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Thomas N Thurston
Audience members at a previous Timpanogos Storytelling Festival.

SALT LAKE CITY — Anyone who’s attended the Timpanogos Storytelling Festival knows that when those storytellers walk out onstage, you never know what’s coming next.

It could be anything from piece of African folklore to a story based on the storyteller’s life, presented in anything from song to rhyme to a conversational style.

It’s all part of the magic of storytelling: You’ll never hear the same story, told in exactly the same way, twice.

But one year, when two storytellers walked onstage and announced they would tell their story in pig Latin, Dale Boam knew he had a challenge ahead of him.

Boam, who has been one of the Timpanogos Storytelling Festival’s regular American Sign Language interpreters for about nine years, thought fast on his feet.

Thomas N Thurston
Dale Boam interprets at a previous Timpanogos Storytelling festival. Boam has been interpreting for the festival for about nine years.

“They started singing this song in pig Latin and I thought to myself ‘How in the world do you interpret something in Pig Latin (into ASL)?’ And the first thing that popped in my mind is I’m just going to interpret it straight and do a pig nose with my other hand,” Boam said in a recent interview with the Deseret News. “Luckily it worked for the show.”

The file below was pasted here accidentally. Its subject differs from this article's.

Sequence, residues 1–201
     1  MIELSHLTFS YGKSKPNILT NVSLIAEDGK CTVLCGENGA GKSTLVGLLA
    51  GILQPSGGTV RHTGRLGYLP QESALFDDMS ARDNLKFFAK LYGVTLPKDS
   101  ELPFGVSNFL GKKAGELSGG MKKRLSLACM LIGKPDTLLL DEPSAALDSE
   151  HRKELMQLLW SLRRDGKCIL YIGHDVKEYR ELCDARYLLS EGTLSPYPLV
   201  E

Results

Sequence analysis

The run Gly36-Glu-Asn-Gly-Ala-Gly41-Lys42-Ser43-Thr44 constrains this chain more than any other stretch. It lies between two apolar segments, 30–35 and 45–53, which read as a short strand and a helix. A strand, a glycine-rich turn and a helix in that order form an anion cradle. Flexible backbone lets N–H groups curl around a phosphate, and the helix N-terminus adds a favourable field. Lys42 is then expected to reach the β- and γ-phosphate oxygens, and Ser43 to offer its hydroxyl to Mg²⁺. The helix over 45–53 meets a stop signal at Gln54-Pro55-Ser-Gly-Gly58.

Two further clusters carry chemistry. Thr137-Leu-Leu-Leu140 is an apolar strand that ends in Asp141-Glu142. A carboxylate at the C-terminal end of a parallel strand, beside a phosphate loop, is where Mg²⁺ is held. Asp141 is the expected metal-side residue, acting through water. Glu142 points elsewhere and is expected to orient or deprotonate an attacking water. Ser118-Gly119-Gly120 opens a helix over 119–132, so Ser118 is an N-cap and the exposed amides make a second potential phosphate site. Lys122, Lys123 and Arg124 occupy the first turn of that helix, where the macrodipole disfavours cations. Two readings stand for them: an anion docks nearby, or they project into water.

For 29 years, the Timpanogos Storytelling Festival has brought storytellers — each with their own signature tones, cadences, facial expressions and modes of delivery — from all over the world to tell their stories and this year’s festival, which runs Sept. 6-8 at Thanksgiving Point’s Ashton Gardens in Lehi, won’t be an exception.

But for ASL interpreters like Boam, each year of the festival and each individual event presents its own set of challenges — and opportunities — for how to accurately interpret an art form so rooted in the nuance of how it is delivered verbally into ASL.

Boam, who works as a lawyer primarily representing people who are deaf in addition to coordinating Utah Valley University’s deaf studies interpreter program, often interprets plays and other events where he can receive a script beforehand to prepare, but the storytelling festival is a completely different ballgame.

Thomas N Thurston
A storyteller performs at a previous Timpanogos Storytelling Festival.